With the Cicadas comes the Cicada killer wasp
I blogged in early April about the return of the 17 year Brood II returning to parts of the North Carolina and the large cities of the east coast. Many people are scared of this large ugly looking insect but they are completely harmless. There is an even scarier insect that feeds on the Cicadas and that is the Cicada Killer Wasp.
The species name of this large wasp is Species speciosus and is one of the largest wasp species. Like the Cicada they are usually harmless but the females can sting you if provoked. They do serve a very important purpose on controlling the population of Cicadas. With the large swarms of Cicadas emerging over the next few weeks expect many more Cicada killers, but even they won’t be able to keep up with the swarms coming.
Here’s more information about these gnarly looking wasps from the NC Cooperative Extension
Natural Resources Extension Agent
Forsyth County Cooperative Extension
It’s that time of year when you’ll see large numbers of huge cicada-killer wasps (nearly 2 inches) skimming around your yard, shrubs and trees. Many people are afraid of wasps in general and really large wasps, like cicada-killers, can be threatening. These wasps are erratic fliers that do not seem to notice humans are different than trees. If you watch them long enough you may see a male clumsily slam into the side of building.
What do they look like? Eastern cicada-killers have a rusty red head and thorax, amber-colored wings, and a black- and yellow-striped abdomen. Females are usually larger than males; cicada-killers range in size from 1 ¼ inches to 2 inches. Cicada-killers are most commonly confused with European hornets. European hornets are yellowish-orange colored insects almost an inch long, build large paper nests, are attracted to lights, and tend to occur in natural areas.
How dangerous are cicada-killer wasps? Cicada-killers are actually quite harmless. Usually the cicada-killers you see zooming around are the males, which cannot sting. A male stinger is a modified ovipositor (egg-laying organ); no male ants, bees, or wasps can sting. To be stung by a female cicada-killer you need to either step barefoot on her or grab her with bare hands.
Cicada-killers are present in the eastern U.S. from July – September. Cicada-killers, as their name implies, seek out cicadas or locusts. Cicadas damage deciduous trees (ex. maple, oak, birch) by laying eggs under the soft bark of new branch growth. Young cicadas drop to the ground, burrow, and spend the next couple years feeding on roots. Currently human attempts to control cicadas have not been practical or effective.
The cicada-killer males live for two weeks or so of intense patrolling, fighting and mating and then they die. Females live about four weeks, but they work even harder than the males, digging many burrows and hunting. In a typical season 100 female cicada-killers will clear over 16,000 cicadas from the surrounding area.
Cicada-killer females use their sting to paralyze cicadas to feed and rear their young. A cicada-killer grub will hatch from the egg in a few days, feed on the cicada and over-winter underground in a hard cocoon. It will hatch in early to mid July, dig its way to the surface and live above ground for 2-6 weeks; all adults die annually.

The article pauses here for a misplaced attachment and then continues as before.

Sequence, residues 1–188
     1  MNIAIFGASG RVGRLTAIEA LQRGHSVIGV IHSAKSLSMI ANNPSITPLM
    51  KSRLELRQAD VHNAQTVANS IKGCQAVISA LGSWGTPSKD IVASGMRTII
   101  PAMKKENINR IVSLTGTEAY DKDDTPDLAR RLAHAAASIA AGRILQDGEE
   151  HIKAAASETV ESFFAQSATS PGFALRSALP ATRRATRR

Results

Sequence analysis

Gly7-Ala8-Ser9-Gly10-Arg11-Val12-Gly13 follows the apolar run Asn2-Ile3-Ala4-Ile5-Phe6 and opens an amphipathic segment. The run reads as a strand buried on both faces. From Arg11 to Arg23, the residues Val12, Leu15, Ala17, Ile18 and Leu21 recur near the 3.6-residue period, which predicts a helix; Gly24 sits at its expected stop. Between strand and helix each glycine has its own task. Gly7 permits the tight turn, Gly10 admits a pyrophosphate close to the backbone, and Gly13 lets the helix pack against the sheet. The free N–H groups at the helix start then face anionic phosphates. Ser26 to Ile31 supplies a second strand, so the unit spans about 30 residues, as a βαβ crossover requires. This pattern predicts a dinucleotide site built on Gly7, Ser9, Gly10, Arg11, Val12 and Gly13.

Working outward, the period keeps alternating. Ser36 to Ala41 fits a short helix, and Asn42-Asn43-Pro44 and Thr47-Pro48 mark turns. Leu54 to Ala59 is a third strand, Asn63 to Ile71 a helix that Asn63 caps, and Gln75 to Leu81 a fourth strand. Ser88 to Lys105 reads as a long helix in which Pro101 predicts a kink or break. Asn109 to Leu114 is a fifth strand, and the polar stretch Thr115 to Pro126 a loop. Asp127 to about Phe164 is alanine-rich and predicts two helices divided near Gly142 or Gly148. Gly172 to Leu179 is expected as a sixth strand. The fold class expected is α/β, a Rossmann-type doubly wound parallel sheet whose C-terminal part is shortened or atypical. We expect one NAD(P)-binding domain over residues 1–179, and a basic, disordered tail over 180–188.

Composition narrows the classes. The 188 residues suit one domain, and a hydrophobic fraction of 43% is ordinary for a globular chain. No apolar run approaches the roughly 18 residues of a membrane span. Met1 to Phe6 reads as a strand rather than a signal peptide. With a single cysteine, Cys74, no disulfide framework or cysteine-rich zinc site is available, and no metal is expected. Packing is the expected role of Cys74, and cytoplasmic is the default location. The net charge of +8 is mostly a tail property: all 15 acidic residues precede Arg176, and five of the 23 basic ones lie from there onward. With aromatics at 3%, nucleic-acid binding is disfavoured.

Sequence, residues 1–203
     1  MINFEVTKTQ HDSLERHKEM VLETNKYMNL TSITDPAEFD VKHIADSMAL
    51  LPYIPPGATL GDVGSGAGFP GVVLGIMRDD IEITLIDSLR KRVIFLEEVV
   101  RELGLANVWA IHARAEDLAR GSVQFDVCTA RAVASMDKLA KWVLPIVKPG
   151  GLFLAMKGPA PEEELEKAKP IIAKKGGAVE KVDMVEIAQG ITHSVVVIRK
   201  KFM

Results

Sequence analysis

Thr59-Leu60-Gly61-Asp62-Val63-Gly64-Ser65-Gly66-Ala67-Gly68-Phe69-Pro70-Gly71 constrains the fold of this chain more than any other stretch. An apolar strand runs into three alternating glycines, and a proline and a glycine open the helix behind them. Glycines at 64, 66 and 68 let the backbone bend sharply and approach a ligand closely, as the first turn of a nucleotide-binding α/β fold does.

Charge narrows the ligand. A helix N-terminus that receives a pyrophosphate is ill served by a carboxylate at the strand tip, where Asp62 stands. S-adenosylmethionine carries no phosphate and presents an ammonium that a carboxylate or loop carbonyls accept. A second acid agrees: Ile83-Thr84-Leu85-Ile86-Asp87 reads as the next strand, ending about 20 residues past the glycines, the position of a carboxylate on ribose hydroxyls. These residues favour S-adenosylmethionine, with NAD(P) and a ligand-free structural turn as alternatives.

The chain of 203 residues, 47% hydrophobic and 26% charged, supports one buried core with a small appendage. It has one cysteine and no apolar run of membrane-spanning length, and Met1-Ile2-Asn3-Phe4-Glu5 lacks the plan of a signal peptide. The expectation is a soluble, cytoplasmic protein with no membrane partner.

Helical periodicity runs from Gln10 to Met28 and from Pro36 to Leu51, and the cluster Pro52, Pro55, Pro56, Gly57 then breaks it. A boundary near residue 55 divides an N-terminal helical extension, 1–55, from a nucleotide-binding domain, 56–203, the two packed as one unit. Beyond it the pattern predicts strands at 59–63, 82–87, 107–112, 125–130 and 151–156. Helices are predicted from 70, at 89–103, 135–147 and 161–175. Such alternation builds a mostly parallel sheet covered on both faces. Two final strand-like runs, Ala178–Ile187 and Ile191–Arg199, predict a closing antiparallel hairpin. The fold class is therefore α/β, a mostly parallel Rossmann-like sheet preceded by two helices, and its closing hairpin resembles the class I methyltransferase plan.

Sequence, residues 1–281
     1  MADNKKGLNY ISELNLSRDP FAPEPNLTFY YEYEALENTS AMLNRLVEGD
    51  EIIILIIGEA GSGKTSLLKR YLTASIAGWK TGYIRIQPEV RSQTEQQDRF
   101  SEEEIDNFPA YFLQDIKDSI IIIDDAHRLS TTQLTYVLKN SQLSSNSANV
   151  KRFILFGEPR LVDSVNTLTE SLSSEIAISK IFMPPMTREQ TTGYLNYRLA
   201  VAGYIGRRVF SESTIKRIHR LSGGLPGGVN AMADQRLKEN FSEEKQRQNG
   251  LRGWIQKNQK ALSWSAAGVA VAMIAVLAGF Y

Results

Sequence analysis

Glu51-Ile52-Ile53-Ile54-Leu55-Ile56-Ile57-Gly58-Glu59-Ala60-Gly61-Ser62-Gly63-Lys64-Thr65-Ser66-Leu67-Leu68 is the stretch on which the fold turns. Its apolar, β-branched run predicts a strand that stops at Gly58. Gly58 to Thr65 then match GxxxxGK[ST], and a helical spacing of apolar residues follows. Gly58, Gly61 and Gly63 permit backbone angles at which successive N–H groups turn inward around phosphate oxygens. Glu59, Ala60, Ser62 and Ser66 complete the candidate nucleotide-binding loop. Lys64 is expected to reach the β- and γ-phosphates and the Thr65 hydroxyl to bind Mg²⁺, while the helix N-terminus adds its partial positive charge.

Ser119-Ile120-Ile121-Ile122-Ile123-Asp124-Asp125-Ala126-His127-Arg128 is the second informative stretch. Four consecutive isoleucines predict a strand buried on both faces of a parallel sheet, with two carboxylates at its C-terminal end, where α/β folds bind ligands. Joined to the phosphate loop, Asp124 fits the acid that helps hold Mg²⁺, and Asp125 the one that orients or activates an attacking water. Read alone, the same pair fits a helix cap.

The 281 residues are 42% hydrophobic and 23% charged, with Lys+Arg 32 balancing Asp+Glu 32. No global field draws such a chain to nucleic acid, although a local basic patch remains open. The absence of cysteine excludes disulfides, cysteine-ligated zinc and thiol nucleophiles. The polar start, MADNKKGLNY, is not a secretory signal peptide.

After emerging and mating, female wasps spend about two weeks searching for ideal areas to dig their u-shaped mound and burrows. Cicada-killers choose southeast facing, full sun areas with sparse vegetation, well-drained slopes and large deciduous trees nearby. They prefer sandy soils to loose clay in bare or grass-covered banks, berms, hills, raised sidewalks, driveways and patio slabs. Some may nest under shrubs, in planters, window boxes, and flower beds, and occasionally in golf course sand traps. They do not nest in hydric soils.
How do you control them? The most economical control is to whack them with a badminton racket. Secondly you can irrigate the infested area. Try keeping the areas where they dig nests much wetter than usual – fill the burrows with water and wash away the piles of dirt surrounding them. This is a great reason for saving rainwater with a rain barrel.
You can also apply carbaryl (Sevin) or pyrethroids (ex. Advanced Lawn, Bug-B-Gone, Deltaguard, Scimitar, Talstar, Tempo) dust onto each nest entrance. Do not disturb the burrow as the female must walk through the dust to get a good dose. If there are more than 20 burrows in your lawn, it may be more practical to spray with the liquid version. Most likely you will need to repeat treatments for 2-3 weeks if new wasps move into the area. At close range, adults can be killed with a wasp aerosol as they light on foliage or enter the nest burrow. If you do not feel comfortable treating the area, contact a licensed pest control operator. Before using any insecticide, always read the label directions to confirm current listing of pests, and follow safety precautions.
Just remember that if you spray the burrows you will only kill the female, but not necessarily all her offspring since they are walled off in chambers underground. To prevent an infestation in the following year, you will need to spray the burrow early on, before many cicadas have been sequestered.
To help prevent cicada-killer nesting: plant dense, tall vegetation; mow your lawn on the highest setting during the nesting period; and in garden beds make sure you have a three-inch layer of hardwood mulch.
Finally, time is on your side. If you’ve tried all these suggestions and cannot get rid of the cicada-killers, be patient. The wasps don’t live very long, so at most they will be a pest about two months out of the year.